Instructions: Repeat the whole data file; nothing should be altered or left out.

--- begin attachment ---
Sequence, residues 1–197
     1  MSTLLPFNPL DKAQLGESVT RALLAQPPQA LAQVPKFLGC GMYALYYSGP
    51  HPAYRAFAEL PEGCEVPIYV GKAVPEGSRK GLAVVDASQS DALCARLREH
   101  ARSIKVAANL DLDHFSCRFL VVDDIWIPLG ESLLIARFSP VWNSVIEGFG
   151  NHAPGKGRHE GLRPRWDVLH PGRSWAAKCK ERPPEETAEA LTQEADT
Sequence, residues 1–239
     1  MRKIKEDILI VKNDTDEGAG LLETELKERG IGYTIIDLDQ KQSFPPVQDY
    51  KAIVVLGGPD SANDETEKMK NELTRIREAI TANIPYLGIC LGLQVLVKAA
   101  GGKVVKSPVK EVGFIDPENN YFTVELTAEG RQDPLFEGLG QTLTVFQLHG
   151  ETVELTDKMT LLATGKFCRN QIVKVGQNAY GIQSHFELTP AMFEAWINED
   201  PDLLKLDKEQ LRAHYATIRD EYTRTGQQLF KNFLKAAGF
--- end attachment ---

Sequence, residues 1–197
     1  MSTLLPFNPL DKAQLGESVT RALLAQPPQA LAQVPKFLGC GMYALYYSGP
    51  HPAYRAFAEL PEGCEVPIYV GKAVPEGSRK GLAVVDASQS DALCARLREH
   101  ARSIKVAANL DLDHFSCRFL VVDDIWIPLG ESLLIARFSP VWNSVIEGFG
   151  NHAPGKGRHE GLRPRWDVLH PGRSWAAKCK ERPPEETAEA LTQEADT
Sequence, residues 1–239
     1  MRKIKEDILI VKNDTDEGAG LLETELKERG IGYTIIDLDQ KQSFPPVQDY
    51  KAIVVLGGPD SANDETEKMK NELTRIREAI TANIPYLGIC LGLQVLVKAA
   101  GGKVVKSPVK EVGFIDPENN YFTVELTAEG RQDPLFEGLG QTLTVFQLHG
   151  ETVELTDKMT LLATGKFCRN QIVKVGQNAY GIQSHFELTP AMFEAWINED
   201  PDLLKLDKEQ LRAHYATIRD EYTRTGQQLF KNFLKAAGF